I was shopping for some domain names and I decided to look at a .blog address for something.
First of all, I noticed it was availble some places (GoDaddy, Network Solutions) and not others (Google Domains). Also, the .blog address cost $7000 - that's high compared with what I usually pay for a new domain.
So, I did some research.
The world is a different place than it used to be. Today there are new Top-Level Domains (TLDs) (.blog, .pizza, .business) with much more variety than there was a few years ago.
So, what's up with the pricing? Older TLDs (.com, .net, .org) have fixed wholesale prices negotiated by ICANN (The Internet Commission on Names and Numbers), which is a kind of regulatory agency for these things.
For newer domains - .blog, .rich, etc. They are controlled by different registries who set the prices. These agencies are free to set the prices as they please and the names are therefore subject to "supply and demand", as the old ones were not. I will get to the reason for the quotes in a minute.
In the case of the .blog domains, they are controlled by a company called Automattic from San Francisco.
Of course .com domains have supply and demand economics, just not for new names.
In theory Jeff Bezos could sell you the domain amazon.com - and it would certainly cost you a pretty penny. It would get you a lot of traffic to your site for a while until people realized that the company had simply moved it's amazing e-commerce platform somehere else and whatever you had was not as good.
Of course Mr. Bezos would never do that, but he could. And the market for the name would be driven by demand created by people who wanted to do something with the name amazon.com or wanted to use it to drive traffic to other existing websites.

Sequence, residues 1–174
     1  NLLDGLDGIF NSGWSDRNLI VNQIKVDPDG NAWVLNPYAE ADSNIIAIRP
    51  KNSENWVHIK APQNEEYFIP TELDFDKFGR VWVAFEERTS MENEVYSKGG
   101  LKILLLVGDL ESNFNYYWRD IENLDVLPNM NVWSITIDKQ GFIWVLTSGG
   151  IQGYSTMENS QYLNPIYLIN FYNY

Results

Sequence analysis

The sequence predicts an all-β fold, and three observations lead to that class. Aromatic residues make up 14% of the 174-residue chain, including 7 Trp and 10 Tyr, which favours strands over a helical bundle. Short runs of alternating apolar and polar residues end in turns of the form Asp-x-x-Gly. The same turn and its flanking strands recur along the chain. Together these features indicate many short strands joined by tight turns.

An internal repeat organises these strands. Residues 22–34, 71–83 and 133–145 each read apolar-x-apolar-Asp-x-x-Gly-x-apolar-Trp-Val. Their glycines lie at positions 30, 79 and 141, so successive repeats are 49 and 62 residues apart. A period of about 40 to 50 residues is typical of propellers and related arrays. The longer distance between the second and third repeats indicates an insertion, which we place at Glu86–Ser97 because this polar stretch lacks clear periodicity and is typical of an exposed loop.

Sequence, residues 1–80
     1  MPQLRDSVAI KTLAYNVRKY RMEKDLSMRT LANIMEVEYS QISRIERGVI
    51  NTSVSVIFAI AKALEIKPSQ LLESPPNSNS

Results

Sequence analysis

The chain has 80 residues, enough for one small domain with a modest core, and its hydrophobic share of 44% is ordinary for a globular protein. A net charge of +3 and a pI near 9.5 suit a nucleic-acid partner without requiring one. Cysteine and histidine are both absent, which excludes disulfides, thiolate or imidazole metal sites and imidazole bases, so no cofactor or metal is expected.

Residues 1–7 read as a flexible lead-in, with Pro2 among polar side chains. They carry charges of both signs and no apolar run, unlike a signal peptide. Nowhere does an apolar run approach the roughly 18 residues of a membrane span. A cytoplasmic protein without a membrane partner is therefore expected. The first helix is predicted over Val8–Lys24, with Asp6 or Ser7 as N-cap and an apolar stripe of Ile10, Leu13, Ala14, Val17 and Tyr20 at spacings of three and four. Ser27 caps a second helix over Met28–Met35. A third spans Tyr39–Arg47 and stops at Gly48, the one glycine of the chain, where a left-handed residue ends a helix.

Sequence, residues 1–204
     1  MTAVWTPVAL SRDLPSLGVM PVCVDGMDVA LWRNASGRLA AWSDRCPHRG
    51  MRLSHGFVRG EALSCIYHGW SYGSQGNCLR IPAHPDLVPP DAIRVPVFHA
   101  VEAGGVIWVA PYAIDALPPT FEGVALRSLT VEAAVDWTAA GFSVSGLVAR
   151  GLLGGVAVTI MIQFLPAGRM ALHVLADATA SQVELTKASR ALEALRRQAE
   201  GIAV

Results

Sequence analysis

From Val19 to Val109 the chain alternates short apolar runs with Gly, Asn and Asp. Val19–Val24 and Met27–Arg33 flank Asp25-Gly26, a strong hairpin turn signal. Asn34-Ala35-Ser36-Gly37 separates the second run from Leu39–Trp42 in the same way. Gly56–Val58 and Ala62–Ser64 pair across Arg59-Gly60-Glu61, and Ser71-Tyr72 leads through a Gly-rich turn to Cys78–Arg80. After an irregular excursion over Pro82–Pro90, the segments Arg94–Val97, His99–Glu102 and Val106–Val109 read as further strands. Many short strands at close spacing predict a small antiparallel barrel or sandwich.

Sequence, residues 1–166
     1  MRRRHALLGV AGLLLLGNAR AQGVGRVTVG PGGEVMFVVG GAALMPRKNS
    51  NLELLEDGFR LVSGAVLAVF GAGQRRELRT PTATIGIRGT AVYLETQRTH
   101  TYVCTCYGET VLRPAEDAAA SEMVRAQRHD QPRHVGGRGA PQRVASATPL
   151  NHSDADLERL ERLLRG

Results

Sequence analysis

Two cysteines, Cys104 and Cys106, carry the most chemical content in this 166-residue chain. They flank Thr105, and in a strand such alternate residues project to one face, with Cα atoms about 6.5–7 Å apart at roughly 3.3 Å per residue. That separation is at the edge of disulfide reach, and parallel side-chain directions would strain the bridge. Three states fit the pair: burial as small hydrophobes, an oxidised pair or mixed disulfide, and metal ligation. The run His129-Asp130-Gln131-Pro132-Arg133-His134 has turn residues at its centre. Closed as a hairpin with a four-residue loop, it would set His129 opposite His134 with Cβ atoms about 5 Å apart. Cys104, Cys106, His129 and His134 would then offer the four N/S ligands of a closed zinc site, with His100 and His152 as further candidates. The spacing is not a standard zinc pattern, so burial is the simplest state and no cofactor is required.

It's clear that a good portion of the value of a domain in this type of after-market situation is in the content that that exists at a domain and the value created under that name previously. Also, there may be value in a shorter name or a more recognizable or memorable name. Paying for a premium domain might be worth while for some, because it can make you look better.
The best example I can think of this (for new .blog domains) is Seth's blog. Seth smartly snapped the domain Seths.blog. I would imagine it was expensive as domains go, but it makes sense because it matches his brand and it is much shorter than his old domain. And because he has a boatload of content already branded under the title seth's blog, so the short memorable title was valuable and he had the money to buy it.
So, why "supply and demand" and not supply and demand? Two reasons:
The registries still have a quasi monoply on the name, if my name is Jeffrey and I am starting a blog, I can't buy jeffrey.blog from just anyone - it ultimately is controlled by Autommattic and they set the price.